How does the current credit economic condition affect my small business?
As banks look at their bottom line from the recent mortgage issues, there has been a ripple effect that reaches to small business owners.
The Federal Reserve surveyed U.S. banks and found that one third of them have recently tightened their lending standards for loans to small businesses. The Fed data shows that many lenders, nervous about their bottom line, have increased their credit standards for small business loans at a rate not seen since September 11, 2001, making it harder and more expensive for small businesses to get loans.
In addition 80% of U.S. banks have tightened loan requirements for commercial real estate purchases as well.
With the banks tightening their credit requirements entrepreneurs need to explore other strategies for finding the capital they need. One of the most important tools for small business owners is business credit, also referred to as trade credit. Trade credit is the single largest source of lending in the entire world. If you aren't using this source of credit you are stifling your ability to grown your company and surpass your competition.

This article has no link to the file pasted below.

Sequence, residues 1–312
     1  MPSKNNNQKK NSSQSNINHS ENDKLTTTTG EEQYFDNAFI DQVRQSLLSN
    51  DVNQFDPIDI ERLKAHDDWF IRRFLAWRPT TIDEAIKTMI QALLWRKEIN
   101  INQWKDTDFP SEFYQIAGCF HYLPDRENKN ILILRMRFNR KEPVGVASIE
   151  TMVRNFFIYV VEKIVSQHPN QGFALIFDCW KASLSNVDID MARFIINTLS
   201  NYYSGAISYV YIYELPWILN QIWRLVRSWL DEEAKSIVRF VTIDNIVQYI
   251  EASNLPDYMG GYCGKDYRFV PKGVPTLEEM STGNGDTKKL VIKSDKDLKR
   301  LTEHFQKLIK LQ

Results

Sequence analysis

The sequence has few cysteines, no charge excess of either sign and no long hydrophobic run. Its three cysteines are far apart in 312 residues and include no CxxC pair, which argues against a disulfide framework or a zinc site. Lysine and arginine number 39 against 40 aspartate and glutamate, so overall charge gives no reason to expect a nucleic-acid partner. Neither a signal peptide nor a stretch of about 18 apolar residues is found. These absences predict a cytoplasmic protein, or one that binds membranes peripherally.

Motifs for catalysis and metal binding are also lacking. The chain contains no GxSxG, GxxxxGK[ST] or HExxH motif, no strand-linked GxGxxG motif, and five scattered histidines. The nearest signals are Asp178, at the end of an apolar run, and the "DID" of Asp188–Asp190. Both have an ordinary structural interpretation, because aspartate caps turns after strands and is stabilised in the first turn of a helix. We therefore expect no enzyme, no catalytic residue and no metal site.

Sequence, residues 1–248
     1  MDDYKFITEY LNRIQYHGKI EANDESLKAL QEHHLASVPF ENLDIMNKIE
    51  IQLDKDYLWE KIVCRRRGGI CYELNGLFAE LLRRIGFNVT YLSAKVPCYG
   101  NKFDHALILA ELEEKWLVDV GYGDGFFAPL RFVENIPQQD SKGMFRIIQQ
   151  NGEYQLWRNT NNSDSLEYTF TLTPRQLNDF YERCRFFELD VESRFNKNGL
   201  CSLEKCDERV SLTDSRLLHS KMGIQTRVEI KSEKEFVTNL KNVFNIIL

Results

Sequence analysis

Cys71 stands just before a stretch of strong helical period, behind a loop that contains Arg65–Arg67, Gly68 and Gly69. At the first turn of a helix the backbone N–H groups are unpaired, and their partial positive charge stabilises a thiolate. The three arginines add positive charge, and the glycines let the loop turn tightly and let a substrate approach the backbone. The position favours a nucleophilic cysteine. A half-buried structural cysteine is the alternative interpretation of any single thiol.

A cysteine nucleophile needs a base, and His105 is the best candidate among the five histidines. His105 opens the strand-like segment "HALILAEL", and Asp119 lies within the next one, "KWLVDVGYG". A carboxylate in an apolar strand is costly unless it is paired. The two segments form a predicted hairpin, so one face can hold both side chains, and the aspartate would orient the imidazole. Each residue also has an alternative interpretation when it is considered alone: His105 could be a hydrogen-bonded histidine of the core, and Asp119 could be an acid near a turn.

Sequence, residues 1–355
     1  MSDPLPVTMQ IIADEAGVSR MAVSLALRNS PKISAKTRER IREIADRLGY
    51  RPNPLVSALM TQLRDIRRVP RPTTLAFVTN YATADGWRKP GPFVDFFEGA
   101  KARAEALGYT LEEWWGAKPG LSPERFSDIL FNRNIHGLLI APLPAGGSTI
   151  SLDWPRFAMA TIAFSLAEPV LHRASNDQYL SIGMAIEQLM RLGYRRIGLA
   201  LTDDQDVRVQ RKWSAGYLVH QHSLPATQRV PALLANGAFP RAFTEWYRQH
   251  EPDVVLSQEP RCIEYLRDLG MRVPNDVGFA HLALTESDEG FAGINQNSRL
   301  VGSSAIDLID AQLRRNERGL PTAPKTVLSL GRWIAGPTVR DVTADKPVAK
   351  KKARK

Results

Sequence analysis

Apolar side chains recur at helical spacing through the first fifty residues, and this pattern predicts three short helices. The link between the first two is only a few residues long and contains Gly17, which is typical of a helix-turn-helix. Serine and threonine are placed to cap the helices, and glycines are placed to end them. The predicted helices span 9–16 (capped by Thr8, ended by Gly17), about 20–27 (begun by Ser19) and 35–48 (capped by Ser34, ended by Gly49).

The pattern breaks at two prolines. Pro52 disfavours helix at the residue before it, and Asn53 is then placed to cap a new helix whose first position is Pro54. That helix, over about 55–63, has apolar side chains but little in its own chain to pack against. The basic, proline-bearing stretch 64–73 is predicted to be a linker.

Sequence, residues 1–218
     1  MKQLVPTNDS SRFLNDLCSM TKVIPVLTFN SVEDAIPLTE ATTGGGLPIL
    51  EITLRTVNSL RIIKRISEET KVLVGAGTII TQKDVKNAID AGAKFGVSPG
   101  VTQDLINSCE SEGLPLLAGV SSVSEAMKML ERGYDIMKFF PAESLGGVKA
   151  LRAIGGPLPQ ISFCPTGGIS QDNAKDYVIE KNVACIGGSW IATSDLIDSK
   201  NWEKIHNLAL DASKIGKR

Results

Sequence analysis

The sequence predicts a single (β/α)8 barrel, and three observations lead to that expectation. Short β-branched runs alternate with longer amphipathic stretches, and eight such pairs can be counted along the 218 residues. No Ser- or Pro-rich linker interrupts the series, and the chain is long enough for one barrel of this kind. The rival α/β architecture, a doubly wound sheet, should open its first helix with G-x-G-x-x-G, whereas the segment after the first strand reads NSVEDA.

Business credit or trade credit is when one business provides a service or sells a product to another business on credit terms. The business buying the service or product does not need to pay for the transaction up front but rather has terms to pay either monthly with interest or better yet in 30 or 60 days without interest. In fact in most net 30 terms they will provide the opportunity to pay early with a discount.
David Gass, President & Founder
Business Credit Services, Inc.